Showing posts with label university. Show all posts
Showing posts with label university. Show all posts

Thursday, May 9, 2013

The FAFSA and Financial Aid in a Nutshell

The FAFSA and financial aid packages offered by universities can be difficult for the first-time college student to navigate. And if you're a first generation college student it can be even more difficult because you may not know who to turn to for advice. Fortunately, a lot of high school guidance departments are doing more than ever to help students understand the FAFSA and financial aid. Planet Nutshell produced two good videos that will also help students and parents understand the FAFSA and financial aid. The videos are embedded below.

Choosing Financial Aid in a Nutshell from Planet Nutshell on Vimeo.

Borrow Wisely: FAFSA in a Nutshell from Planet Nutshell on Vimeo.

These videos were produced by Planet Nutshell with funding from the U.S. Depart of Education, the Utah Higher Education Assistance Authority, and the Utah Education Network.

Sunday, October 21, 2012

College Students Can Now Get 5GB of Free Dropbox Storage

The online storage service Dropbox is giving away an extra 3GB of free storage to college students who sign up for the service between now and December 10, 2012. This means that students who sign up using their university/ college email addresses will get 5GB of total storage for free.

The extra free storage is part of Dropbox's Space Race promotion. To get the free storage students do need to be at an institution that has at least 25 Dropbox users. So if you're a student who wants to make sure that you get the free storage you need to refer classmates to Dropbox.

Friday, March 2, 2012

The Faculties - Videos from University Lecturers for High School Students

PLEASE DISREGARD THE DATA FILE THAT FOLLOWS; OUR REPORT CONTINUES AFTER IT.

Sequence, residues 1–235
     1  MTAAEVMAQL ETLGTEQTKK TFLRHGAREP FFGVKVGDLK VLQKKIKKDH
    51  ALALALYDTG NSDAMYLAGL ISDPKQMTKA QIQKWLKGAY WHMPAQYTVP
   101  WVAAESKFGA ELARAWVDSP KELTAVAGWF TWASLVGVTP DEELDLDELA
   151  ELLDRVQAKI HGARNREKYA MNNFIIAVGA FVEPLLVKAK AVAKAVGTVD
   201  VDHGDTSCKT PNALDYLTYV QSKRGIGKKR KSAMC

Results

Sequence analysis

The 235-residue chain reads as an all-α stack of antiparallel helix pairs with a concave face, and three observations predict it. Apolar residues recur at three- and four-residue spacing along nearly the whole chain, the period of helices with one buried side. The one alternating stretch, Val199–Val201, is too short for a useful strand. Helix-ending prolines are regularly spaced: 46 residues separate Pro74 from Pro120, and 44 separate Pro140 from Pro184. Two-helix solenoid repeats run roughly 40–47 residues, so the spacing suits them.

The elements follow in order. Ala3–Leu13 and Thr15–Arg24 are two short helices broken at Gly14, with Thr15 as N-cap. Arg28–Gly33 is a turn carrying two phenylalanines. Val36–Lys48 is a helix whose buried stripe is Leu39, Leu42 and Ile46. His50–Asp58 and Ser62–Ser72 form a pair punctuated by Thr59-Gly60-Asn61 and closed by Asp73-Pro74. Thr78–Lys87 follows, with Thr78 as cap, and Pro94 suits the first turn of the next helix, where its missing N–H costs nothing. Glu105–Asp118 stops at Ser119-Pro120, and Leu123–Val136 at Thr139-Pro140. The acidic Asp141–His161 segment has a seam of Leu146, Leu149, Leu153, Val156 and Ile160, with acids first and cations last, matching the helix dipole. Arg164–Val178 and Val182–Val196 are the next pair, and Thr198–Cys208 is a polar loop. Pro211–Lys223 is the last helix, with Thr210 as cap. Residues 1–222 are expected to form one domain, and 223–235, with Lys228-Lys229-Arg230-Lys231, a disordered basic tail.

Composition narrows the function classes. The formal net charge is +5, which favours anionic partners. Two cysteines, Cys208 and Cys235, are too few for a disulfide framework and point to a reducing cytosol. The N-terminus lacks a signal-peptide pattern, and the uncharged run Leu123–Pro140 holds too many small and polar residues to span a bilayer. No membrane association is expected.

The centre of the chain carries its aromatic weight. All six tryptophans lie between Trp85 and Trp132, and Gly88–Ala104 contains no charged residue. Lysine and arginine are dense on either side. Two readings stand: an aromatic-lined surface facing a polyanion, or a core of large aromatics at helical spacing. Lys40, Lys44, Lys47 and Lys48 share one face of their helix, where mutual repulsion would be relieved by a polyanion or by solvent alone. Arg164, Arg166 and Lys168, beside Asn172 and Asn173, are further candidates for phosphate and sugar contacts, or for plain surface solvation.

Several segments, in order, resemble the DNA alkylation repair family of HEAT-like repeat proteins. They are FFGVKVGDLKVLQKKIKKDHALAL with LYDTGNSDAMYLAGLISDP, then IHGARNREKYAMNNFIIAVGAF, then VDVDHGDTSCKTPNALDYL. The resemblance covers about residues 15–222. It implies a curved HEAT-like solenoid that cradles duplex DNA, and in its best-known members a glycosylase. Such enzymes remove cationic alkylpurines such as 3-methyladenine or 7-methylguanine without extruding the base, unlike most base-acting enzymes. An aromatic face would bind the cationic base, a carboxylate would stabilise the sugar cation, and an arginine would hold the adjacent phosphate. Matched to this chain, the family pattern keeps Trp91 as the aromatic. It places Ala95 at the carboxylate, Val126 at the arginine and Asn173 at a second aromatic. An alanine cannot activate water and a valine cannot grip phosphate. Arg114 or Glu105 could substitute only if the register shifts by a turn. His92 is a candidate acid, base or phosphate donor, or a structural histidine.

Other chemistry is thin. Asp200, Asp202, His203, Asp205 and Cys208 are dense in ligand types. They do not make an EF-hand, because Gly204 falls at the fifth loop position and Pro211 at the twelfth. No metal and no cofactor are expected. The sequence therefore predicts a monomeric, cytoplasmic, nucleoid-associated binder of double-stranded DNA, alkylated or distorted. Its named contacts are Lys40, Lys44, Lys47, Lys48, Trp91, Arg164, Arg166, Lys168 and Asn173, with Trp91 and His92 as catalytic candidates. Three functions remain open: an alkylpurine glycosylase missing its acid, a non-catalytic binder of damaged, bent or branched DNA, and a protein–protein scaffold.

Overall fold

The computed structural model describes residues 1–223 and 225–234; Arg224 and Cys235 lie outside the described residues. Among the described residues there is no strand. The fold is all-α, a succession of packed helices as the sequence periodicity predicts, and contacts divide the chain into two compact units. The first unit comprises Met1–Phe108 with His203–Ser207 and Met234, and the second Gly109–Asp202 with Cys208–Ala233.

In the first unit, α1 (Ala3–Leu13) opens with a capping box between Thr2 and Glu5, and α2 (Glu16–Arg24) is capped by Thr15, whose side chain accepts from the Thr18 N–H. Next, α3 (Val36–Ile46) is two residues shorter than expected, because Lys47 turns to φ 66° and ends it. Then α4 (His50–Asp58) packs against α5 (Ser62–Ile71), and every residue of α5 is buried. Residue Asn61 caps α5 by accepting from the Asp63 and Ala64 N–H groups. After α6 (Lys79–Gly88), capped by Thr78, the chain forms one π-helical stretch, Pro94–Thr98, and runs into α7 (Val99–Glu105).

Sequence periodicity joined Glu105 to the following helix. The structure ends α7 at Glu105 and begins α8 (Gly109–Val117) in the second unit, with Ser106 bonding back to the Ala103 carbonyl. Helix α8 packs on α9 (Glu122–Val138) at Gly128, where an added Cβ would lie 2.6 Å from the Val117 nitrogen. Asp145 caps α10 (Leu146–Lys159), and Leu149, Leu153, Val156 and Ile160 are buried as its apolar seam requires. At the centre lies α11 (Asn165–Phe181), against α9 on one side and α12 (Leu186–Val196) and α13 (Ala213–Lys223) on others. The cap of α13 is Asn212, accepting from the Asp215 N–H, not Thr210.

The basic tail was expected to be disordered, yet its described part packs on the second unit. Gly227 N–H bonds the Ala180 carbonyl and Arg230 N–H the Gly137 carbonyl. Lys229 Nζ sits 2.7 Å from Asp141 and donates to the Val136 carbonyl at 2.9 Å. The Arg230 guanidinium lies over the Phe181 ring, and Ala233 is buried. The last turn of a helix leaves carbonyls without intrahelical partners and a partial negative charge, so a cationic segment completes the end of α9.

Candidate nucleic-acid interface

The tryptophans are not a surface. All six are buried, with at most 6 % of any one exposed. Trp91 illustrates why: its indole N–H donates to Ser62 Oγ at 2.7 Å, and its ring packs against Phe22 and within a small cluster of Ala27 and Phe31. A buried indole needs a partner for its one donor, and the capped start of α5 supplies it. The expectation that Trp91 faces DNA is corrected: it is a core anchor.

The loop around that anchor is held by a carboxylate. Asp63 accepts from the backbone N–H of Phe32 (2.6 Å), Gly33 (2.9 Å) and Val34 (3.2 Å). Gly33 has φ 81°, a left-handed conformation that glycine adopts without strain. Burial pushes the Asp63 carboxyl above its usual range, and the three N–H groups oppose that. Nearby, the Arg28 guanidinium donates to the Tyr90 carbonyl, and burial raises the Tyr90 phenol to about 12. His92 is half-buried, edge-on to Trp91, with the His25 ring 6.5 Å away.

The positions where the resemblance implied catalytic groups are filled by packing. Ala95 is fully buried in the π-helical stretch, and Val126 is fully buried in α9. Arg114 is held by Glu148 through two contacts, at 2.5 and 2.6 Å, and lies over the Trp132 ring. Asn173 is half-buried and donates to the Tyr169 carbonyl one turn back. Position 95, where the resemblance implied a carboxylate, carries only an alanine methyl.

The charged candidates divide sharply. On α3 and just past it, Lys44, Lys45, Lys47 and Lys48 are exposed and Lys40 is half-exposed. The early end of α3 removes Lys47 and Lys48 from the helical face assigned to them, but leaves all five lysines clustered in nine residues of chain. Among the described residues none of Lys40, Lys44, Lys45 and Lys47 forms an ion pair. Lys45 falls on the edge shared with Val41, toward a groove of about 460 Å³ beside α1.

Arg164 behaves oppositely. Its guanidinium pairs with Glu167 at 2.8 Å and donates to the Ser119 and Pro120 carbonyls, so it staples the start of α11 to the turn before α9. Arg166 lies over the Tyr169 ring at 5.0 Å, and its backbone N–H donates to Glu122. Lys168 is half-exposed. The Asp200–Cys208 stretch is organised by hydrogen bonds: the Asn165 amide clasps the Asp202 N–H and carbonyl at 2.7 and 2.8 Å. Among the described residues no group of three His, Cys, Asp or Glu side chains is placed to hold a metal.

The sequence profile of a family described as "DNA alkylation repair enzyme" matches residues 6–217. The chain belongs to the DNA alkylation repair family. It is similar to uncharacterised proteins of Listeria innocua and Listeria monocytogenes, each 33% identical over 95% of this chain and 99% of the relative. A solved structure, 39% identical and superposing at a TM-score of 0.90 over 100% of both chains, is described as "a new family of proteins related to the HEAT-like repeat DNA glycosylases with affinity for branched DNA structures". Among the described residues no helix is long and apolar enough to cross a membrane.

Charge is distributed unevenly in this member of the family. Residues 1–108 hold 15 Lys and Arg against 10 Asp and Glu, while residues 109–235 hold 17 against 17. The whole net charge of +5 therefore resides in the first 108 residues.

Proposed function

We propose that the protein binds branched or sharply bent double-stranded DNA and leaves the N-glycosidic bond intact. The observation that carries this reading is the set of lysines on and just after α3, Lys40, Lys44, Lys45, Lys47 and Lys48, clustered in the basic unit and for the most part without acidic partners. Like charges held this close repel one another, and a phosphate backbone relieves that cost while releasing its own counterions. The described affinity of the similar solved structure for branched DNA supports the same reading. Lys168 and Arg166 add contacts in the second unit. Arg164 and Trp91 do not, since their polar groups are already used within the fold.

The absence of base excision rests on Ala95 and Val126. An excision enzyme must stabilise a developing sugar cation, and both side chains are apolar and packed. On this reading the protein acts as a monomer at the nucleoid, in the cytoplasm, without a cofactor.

The Faculties is an interesting video project, based in the UK, that presents short videos of university lecturers speaking on topics in their fields.

There appears to be two purposes for these videos. The first purpose is to provide short lessons to high school age students about topics in the subjects in which they have an interest. The second purpose is to provide students with information that will familiarize them with the expectations and realities of being a college student. For example, in the history section of The Faculties you will find a videos like this one about the Russian provisional government of 1917, but you will also find videos like this one about writing undergraduate history papers.

Applications for Education
The Faculties could be a good place for students to learn more about the subjects that they're considering pursuing degrees in. The Faculties could also be a good place for students to learn, in advance of stepping on campus, what they will need to do to have a successful undergraduate experience.

There are six sections to The Faculties;  English, Mathematics, Biology, Chemistry, History, and Psychology.

Wednesday, January 28, 2009

Academic Earth - Videos of Top Scholars Teaching

Academic Earth is a video depot for individual lectures and entire courses from some of the top universities in the United States. Visitors to Academic Earth will find lectures and courses from Yale, MIT, Berkeley, Harvard, Princeton, and Stanford. Many of the lectures and courses can be found at various websites on the Internet. What Academic Earth does is take all of those lectures and courses and put them in one, easy-to-search, place. You can search for lectures and courses by topic, popularity, professor, or by university. I've embedded the first video from the Yale course Introduction to the American Novel Since 1945.

Applications for Education
Academic Earth makes it easy to find high quality, academically appropriate videos. These videos and courses could make a nice supplement to an advanced placement high school course. The videos can be embedded in your course blog where you can then have students watch and comment. Or you can, after embedding a video into your blog, post a questions for your students to answer as they watch a video lecture.

Thanks to Open Culture for another great video resource.